RO further alludes to that the vast majority of work completed in business or projects is not that complex and thus people at lower levels can deliver it. If someone tells you what to do, or you were trained in detail as to what to do and how to do it, then they also check up on you (manage you); then you are doing a lot of work and likely working very hard, but the level that you are working at is very low in terms of RO.

Lets take a look at an example matrix that classifies the majority of people in terms of levels:

Level  -  % of Population
7        -      0.5
6        -      0.5
5        -      0.5
4        -      0.5
3        -     7
2        -     41
1        -     40
0        -     10

The groupings of these levels show how the vast majority of people are in the bottom part - and truthfully, I am still surprised with these results. We were always taught by our parents, teachers, coaches, etc.  that we can do anything if we set our mind to it.  All of us are equal and all of us are all-stars!  We are born with the world in front of us and we carve our own destiny, anyone can be president, anyone can be an astronaut, anyone can be a star athlete or CEO business owner.  Mister Rogers preached this and we ran with it.

However, RO and the hundreds of companies that follow this state this is not the case.

So what can you take away from this...... I personally continue to study this and the key thing I take away............. is to have awareness and help others see the same awareness.

As always, people are the key reason for success or failure in projects and business.  To deliver the work, you must manage people.  However, people need to be in roles that they can excel within. Once you have awareness of the work/people alignment, you can better manage the risks - since it will never be perfect. 

AND remind everyone that is involved, this is not personal.  This is trying to set up a systematic approach whereby we can increase the probability of success for that task, at that time and with that set of resources!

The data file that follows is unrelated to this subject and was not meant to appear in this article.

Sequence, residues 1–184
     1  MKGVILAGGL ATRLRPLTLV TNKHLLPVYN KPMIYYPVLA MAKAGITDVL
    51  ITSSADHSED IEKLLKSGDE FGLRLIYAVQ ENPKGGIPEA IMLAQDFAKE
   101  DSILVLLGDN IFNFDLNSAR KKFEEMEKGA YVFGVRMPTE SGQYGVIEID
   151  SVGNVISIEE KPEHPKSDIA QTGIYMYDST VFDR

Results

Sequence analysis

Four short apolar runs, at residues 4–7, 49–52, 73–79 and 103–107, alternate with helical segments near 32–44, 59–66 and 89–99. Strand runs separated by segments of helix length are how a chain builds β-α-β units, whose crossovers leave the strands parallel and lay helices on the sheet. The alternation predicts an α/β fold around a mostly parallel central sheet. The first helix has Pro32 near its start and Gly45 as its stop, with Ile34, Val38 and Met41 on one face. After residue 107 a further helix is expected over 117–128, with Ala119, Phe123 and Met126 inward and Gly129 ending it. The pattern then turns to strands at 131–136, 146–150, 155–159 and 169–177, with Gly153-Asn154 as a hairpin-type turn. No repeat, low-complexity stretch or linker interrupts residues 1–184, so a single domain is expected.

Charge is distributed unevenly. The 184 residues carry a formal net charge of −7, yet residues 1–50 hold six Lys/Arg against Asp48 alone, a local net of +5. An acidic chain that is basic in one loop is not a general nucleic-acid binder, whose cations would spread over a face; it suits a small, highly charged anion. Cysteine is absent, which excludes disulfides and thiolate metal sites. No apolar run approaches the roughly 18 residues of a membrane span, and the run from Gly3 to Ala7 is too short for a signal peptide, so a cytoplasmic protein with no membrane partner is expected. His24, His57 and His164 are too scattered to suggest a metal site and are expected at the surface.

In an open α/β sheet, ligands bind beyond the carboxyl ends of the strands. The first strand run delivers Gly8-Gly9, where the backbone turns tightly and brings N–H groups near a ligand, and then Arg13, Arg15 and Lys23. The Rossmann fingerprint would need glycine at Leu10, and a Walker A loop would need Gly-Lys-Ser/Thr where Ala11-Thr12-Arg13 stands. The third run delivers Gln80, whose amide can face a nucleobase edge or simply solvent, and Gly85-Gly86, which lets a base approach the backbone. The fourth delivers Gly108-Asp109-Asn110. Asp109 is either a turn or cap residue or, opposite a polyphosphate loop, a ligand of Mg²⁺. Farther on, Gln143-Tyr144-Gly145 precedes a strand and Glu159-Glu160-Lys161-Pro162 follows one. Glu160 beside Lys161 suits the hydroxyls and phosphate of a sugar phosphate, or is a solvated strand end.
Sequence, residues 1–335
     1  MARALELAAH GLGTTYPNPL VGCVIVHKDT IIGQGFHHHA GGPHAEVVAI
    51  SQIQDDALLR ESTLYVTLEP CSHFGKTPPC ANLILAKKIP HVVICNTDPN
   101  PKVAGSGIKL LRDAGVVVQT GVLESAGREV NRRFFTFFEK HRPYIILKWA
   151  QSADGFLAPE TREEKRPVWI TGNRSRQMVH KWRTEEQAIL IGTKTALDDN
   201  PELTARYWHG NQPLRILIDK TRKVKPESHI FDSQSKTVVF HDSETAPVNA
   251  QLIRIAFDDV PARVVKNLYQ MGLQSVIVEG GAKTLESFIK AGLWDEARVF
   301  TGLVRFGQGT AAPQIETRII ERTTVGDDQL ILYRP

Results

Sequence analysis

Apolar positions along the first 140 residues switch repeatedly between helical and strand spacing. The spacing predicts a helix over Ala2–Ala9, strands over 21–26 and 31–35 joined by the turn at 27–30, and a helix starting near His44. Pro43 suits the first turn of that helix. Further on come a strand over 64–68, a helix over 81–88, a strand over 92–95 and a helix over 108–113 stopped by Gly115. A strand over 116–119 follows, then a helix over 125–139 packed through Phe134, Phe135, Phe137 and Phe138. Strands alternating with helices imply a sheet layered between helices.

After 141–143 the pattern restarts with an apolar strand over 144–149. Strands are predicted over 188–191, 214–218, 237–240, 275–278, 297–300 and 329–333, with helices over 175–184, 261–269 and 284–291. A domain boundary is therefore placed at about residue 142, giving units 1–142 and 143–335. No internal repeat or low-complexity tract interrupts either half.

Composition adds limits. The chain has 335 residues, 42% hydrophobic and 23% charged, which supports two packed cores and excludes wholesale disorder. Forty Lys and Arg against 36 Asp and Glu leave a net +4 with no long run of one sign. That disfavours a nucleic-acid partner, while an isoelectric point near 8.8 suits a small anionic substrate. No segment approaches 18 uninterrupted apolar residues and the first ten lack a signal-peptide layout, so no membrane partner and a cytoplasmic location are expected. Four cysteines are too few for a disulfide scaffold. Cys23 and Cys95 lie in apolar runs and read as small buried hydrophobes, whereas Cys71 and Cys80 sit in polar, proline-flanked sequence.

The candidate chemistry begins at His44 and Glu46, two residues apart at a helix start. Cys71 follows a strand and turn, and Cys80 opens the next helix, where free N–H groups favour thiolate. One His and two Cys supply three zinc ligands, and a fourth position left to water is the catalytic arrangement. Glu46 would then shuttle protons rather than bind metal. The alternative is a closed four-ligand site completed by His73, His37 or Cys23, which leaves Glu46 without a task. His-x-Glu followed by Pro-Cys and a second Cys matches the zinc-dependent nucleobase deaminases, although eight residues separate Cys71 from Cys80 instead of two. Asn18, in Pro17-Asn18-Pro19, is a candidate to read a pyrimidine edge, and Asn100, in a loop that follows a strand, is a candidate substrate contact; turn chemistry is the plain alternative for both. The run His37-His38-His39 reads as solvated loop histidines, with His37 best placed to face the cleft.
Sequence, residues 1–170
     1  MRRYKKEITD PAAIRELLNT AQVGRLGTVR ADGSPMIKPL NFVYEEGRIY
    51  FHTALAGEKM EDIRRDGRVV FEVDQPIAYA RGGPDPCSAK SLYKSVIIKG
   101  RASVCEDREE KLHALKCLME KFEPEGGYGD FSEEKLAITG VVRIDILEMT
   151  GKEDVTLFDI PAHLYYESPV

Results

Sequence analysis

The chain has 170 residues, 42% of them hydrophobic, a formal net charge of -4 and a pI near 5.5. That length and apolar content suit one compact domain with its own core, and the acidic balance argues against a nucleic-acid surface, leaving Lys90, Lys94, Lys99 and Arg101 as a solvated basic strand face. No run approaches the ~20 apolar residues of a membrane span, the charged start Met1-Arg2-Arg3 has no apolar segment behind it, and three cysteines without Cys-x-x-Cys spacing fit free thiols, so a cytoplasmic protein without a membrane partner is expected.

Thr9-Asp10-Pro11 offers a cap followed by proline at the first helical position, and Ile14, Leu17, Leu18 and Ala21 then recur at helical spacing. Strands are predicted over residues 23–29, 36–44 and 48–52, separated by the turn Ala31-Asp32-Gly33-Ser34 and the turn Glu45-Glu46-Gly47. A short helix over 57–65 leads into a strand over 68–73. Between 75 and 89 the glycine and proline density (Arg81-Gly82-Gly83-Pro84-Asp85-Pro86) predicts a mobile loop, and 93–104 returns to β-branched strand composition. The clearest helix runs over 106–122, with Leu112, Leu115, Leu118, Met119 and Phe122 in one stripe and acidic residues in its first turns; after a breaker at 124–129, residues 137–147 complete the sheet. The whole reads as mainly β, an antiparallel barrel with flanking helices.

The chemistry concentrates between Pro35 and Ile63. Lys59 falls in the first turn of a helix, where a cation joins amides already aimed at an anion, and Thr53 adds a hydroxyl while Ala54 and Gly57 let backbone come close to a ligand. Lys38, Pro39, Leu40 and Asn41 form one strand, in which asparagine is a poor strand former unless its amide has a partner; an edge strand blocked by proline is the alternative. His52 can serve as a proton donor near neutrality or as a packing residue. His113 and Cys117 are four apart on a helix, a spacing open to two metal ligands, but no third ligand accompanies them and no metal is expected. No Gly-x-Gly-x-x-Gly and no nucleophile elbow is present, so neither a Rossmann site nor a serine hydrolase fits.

PS:  if you want to know about RO, or how people are classified or how work is classified, be sure to visit the website below, or stay tuned and I will be doing a future post on both of these topics.


Tools - Business Plan or Project Plan

Every project needs a solid plan.  This is also critical for starting a business.  We need more overlap (don't re-invent) between these two.

Project management has much to learn from Start-Up Business Planning.  Business Planning has way more history, literature, training, tools, templates, checklists, forums, etc. available that PMs can leverage (and often for FREE).  You would not believe how much business planning support there is from governments, universities, associations and generally all over the web.

In a project, we often focus too much on scope and requirements, and miss out on the things that a business plan does so well at planning for.

Below is a sample I use when planning a new business and I also use this as a guideline or plan for projects.

This can be seen as a table of contents for a Project or Business Plan.  It can take considerable effort to do it correctly.  However, if not enough time to delve into the details, then at least it should be considered and presented to senior management and executives, so seeds are planted and you are working towards clarity and common understanding of each section and priorities.

I like to start out with one thing, the CUSTOMER.  Then everything should build off that.  You need to create a culture within your team that also owns this, believers in it and aligns how they deliver with that kind of theme.

A. Customer (who will pay and receive the value)
A1.  Value (product/service that gives the value)
A2.  Delivery (transition the value to the customer)
A3.  Resources (employees, material, equipment, time, money)
A4.  Relationships (relation desired and managed with customer)